• Multiple time-consuming clearances creating hurdles for CGD players: D K Sarraf, chairman, PNGRB

    City Gas Distribution (CGD) players in the country are facing serious difficulties in getting permissions and clearances from state governments and municipal corporations for setting up CGD business, D K Sarraf, Chairman of downstream oil sector regulator Petroleum Natural Gas Regulatory Board (PNGRB) has said.

    “Let me confess that what has been done by team PNGRB is far easier than what remains to be achieved by CGD companies. Our CGD entrepreneurs are facing difficulties in getting Right of Use and permissions for laying pipelines from Indian Railways, NHAI, forest department and state governments,” Sarraf said at an event on the commencement of work of projects under the tenth City Gas Distribution (CGD) round. “(There is) uncertainty created by push towards EVs, though it has been clarified to some extent,” he added.

    He also said the industry is fully charged and committed to make an additional investment and create jobs and any encouragement given by the government will go a long way in the development of the gas industry in India. The winning companies under the tenth CGD round have committed work program of more than 3,500 Compressed Natural Gas (CNG) stations, 2 crore Piped Natural Gas connections and 58,000 inch KM of steel pipeline over 8 years, with a likely investment of Rs 50,000 crore.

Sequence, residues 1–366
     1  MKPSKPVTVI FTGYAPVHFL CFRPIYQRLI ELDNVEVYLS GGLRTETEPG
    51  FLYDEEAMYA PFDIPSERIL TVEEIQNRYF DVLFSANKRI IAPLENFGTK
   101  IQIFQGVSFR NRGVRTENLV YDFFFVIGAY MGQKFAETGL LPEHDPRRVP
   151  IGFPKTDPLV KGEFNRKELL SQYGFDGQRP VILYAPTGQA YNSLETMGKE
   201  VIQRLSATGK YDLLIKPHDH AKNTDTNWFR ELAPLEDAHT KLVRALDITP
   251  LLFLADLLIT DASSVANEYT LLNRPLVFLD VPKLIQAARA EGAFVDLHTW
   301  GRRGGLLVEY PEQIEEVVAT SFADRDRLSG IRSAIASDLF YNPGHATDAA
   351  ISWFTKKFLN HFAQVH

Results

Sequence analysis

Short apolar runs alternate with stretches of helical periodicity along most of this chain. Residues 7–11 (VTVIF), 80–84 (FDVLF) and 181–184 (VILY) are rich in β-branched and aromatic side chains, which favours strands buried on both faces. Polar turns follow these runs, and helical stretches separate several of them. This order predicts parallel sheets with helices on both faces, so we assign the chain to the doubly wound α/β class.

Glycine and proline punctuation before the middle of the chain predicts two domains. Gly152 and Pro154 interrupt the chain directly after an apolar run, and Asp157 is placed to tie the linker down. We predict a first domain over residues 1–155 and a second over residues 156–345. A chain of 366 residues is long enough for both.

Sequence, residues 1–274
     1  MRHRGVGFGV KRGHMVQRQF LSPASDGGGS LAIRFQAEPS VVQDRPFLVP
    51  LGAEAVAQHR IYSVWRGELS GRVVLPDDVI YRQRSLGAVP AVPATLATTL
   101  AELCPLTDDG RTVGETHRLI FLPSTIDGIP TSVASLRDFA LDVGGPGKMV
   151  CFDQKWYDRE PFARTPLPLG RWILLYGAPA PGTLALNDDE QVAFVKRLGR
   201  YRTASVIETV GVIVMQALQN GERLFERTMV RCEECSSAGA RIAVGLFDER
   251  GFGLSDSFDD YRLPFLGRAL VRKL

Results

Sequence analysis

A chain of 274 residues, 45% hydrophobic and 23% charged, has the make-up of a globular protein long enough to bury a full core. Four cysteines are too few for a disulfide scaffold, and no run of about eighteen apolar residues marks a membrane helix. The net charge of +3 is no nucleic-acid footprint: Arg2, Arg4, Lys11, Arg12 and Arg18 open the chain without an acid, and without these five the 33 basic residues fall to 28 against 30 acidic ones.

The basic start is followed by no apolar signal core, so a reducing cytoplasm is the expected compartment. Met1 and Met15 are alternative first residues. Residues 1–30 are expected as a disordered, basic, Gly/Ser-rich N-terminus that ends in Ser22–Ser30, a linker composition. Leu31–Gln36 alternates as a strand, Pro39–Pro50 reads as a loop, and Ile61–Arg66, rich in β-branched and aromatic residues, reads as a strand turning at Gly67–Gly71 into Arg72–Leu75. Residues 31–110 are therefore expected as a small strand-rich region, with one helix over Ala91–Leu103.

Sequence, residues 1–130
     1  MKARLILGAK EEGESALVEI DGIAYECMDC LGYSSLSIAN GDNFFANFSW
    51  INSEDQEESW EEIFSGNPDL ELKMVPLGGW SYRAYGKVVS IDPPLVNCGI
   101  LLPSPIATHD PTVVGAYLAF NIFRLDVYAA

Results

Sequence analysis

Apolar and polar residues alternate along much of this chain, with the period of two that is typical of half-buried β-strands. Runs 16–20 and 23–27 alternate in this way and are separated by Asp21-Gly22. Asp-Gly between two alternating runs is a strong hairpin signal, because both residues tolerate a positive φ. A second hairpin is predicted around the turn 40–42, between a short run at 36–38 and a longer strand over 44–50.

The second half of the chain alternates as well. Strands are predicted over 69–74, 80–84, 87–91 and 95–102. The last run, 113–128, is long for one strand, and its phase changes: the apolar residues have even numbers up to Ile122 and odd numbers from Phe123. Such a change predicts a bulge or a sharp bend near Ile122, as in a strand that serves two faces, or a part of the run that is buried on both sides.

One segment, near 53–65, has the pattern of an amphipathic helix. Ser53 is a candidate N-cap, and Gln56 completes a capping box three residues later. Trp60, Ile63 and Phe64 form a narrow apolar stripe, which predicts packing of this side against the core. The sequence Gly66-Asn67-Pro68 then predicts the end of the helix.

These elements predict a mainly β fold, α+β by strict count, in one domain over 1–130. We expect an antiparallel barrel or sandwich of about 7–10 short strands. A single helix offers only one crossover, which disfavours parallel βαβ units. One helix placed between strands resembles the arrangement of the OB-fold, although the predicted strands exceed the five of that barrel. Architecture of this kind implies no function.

“The entities are required to pay very high charges to the state governments and municipal corporations for permissions to lay pipelines. The policies for CGD sector and single-window clearance mechanism is in-place in a few states. Multiple and time-consuming permissions and clearances are required for starting CNG stations, availability of land for stations is another challenge. Most importantly, GST remains to be applicable on natural gas,” Sarraf said, adding the regulator and the industry are confident the petroleum ministry will resolve the bottlenecks.

    Post the completion of the tenth CGD round, natural gas will be available in 228 Geographical Areas, covering 27 states and union territories, which will result in access to gas for 70 per cent of the country’s population and 50 per cent of its geographical area.

    The former Chairman of state-run petroleum explorer Oil and Natural Gas Corporation (ONGC) highlighted multiple initiatives being taken by the regulator including bringing in competition in CGD after end of market exclusivity, revising the bidding model for natural gas pipelines, determining the tariff of natural gas pipelines and starting of a gas trading platform.

    He said the regulator has cleared pipeline projects of over 9,000 KM across the country and is now commissioning a study to identify the gaps in the availability of natural gas infrastructure.

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